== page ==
Midway City, with its well-eyed Lovecraftian minions, rampaging super-villains, and helicopters raining down from the sky (apologies Ridley Scott, but Blackhawk Down no longer holds the crown for most helicopter crashes in a single motion picture) is a stand-in for the gangland of End Of Watch‘s East LA. It’s a substitute for the interior of Nazi Germany in David Ayer’s WWII movie Fury. The concept of a platoon of super-villains pushing into a city under siege by an evil witch and her troop of flying monkeys is an idea nearly too yummy to dismiss outright – and when deployed this is easily the most focused and fun section of the film – but the downside to Ayer’s brand of filmmaking is that he simply can’t help himself when it comes to throwing in nods to his inner city roots.

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This is the same instinct that had Ayer drop Michael Pena into a Sherman tank in Fury – the one misfire in an otherwise terrific war movie. It’s the reason your beloved Joker has a platinum grill and G13-inspired gang tattoos. Or that he has what can only be described as a “pimp duel” with rapper/actor Common in a Gotham City strip club over Harley Quinn. Or that Harley Quinn was even stripping in the joint in the first place. Though the Joker’s quest to rescue the girl of his dreams – and maybe all men’s dreams, Margot Robbie’s sex appeal is nearly catastrophic at this point – is one of the better threads of this tale, it still leaves this crude pimp n’ ho impression. It still bears the effluvium of token street cred, as if David Ayer finds it intensely necessary to remind his homies back in South Central Los Angeles that he made something out of himself over in Hollywood.

Most will see this film just to see the latest model of The Joker anyway. Jared Leto’s interpretation is much less exotic than his appearance would indicate. Jailhouse ink and metal teeth aside this version of the Clown Prince of Crime is a mixture of Gatsby’s West Egg and an Egyptian asp – vibrant intellect and poison. He’s not in this movie enough to warrant a complete opinion of this manifestation, but when compared to Suicide Squad’s central baddies, The Enchantress and her demigod brother, he’s much more sophisticated and – dare we say it – enchanting.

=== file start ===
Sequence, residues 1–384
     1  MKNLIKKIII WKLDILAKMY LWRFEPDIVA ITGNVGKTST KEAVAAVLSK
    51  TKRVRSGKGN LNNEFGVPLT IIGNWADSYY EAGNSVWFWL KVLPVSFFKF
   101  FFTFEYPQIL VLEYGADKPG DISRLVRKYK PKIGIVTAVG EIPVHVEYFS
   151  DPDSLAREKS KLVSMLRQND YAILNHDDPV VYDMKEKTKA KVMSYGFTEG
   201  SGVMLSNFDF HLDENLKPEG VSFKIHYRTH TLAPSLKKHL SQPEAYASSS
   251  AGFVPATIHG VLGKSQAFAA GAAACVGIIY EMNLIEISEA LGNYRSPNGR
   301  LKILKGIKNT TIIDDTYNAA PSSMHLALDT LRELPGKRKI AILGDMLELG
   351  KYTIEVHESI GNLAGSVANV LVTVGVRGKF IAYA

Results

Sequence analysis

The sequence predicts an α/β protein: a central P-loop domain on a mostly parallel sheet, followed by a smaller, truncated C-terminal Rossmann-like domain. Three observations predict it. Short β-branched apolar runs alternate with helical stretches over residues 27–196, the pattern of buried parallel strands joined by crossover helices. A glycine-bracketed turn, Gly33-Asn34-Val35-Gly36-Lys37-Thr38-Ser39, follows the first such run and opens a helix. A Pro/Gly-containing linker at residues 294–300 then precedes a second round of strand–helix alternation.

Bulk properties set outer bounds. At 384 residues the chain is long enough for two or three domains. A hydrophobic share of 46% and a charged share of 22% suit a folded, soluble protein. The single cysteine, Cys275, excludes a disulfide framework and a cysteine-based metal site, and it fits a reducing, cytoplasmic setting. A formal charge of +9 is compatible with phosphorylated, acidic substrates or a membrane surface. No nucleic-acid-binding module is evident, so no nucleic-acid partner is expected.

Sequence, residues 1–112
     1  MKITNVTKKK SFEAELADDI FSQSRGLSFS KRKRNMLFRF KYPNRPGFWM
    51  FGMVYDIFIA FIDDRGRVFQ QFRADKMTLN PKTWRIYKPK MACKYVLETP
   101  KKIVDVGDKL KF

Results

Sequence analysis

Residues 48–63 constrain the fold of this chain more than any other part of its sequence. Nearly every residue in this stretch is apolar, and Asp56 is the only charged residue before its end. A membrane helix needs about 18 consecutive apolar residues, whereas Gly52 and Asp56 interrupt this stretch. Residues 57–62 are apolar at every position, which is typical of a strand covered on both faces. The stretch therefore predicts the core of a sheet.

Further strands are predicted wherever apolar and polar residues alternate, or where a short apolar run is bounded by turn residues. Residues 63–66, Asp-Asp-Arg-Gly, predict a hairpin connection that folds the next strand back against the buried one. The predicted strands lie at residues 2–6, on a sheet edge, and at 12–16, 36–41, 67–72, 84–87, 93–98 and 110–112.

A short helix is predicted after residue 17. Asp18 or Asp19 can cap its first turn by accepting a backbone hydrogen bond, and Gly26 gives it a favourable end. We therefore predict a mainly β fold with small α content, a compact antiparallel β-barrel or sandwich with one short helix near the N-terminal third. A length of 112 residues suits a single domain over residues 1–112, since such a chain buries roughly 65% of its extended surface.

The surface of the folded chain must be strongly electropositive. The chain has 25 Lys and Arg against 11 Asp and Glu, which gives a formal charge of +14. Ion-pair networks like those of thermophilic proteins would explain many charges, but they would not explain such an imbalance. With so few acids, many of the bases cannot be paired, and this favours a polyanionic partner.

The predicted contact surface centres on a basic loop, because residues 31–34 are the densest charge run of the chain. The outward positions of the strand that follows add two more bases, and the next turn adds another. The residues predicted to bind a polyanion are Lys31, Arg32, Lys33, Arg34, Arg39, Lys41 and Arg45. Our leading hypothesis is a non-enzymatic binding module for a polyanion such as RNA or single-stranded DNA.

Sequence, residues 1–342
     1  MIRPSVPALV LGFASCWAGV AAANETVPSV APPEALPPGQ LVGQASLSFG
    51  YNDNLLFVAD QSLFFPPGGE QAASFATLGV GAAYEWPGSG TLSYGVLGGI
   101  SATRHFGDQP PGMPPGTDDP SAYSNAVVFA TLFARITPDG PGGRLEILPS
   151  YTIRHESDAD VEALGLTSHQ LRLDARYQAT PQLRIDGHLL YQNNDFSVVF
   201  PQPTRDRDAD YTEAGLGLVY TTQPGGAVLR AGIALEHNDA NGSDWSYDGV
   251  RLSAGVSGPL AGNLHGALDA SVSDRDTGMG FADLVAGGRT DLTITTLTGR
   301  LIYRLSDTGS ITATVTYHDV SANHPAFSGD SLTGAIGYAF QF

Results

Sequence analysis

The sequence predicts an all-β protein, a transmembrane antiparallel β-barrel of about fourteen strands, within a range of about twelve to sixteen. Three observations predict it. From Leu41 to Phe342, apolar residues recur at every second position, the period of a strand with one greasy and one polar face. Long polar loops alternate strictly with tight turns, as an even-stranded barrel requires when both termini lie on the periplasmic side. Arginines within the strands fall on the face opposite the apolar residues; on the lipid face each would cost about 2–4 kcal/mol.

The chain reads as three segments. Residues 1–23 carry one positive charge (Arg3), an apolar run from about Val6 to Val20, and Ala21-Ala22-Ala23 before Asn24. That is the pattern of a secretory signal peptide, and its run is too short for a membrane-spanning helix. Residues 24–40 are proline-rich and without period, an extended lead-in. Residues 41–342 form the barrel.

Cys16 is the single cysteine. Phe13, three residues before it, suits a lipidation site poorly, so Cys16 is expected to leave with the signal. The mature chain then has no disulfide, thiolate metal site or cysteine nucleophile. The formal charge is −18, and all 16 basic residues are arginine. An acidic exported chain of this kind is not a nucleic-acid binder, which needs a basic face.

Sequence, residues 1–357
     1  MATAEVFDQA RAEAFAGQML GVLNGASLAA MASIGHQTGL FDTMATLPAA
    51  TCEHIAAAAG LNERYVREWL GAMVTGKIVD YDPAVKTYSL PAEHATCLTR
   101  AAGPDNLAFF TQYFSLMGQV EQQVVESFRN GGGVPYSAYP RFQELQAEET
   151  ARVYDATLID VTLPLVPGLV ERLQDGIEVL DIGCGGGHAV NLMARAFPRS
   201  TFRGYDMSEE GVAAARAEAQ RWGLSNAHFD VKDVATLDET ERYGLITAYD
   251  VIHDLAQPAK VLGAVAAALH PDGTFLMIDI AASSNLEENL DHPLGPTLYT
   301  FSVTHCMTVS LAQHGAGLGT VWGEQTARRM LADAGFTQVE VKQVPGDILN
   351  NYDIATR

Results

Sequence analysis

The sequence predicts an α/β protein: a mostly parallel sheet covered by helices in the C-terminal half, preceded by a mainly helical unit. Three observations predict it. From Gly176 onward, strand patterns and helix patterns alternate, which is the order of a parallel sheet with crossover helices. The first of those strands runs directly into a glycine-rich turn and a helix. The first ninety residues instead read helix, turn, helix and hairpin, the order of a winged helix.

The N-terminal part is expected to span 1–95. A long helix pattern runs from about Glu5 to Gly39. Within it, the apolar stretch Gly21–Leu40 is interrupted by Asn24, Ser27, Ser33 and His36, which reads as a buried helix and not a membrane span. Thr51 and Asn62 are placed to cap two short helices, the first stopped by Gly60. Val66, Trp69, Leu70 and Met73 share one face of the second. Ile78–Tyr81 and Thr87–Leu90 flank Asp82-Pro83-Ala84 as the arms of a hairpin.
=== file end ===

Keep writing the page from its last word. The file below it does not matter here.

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The Enchantress really drives the point home that David Ayer struggles with anything above a street level mentality. She’s a character of pure fantasy in a world grounded in hip-hop flavor and a screaming classic rock soundtrack, and he has absolutely no idea how to present her to a traditional audience. As ‘The Witch’ she’s got a creepy aesthetic and in the opening of the movie plays it safe by being mute. Both are to supermodel/actor Cara Delevingne‘s advantage. (picture that little slash between “supermodel” and “actor” as the border between Israel and Syria in this instance) As her power grows and Cara’s character leaves the comfortable silence of her smoldering little witch husk to become ‘The Enchantress’ things get silly. This English cosmetics model is simply outmatched by the role she’s been hired to play. Imagine Fritz Lang’s Maschinenmensch interpreted by Boogie Nights Roller Girl. Not a good look I can assure you.

CONCLUSION: DC Entertainment has chosen to follow Marvel’s footsteps as a recipe for corporate success, but if Batman V Superman and now, unfortunately, ‘Suicide Squad’ are any indication of their dedication to the material, their formula feels rushed and covetous, and frankly running behind. When compared to the potential of this cast and the idea of refitting The Dirty Dozen as an anti-hero comic book movie it’s a shame Suicide Squad doesn’t play out as anything more than standard rock video fare where the music is the only thing stimulating any attitude and conviction. Some of it works. Most of it isn’t working hard enough.

C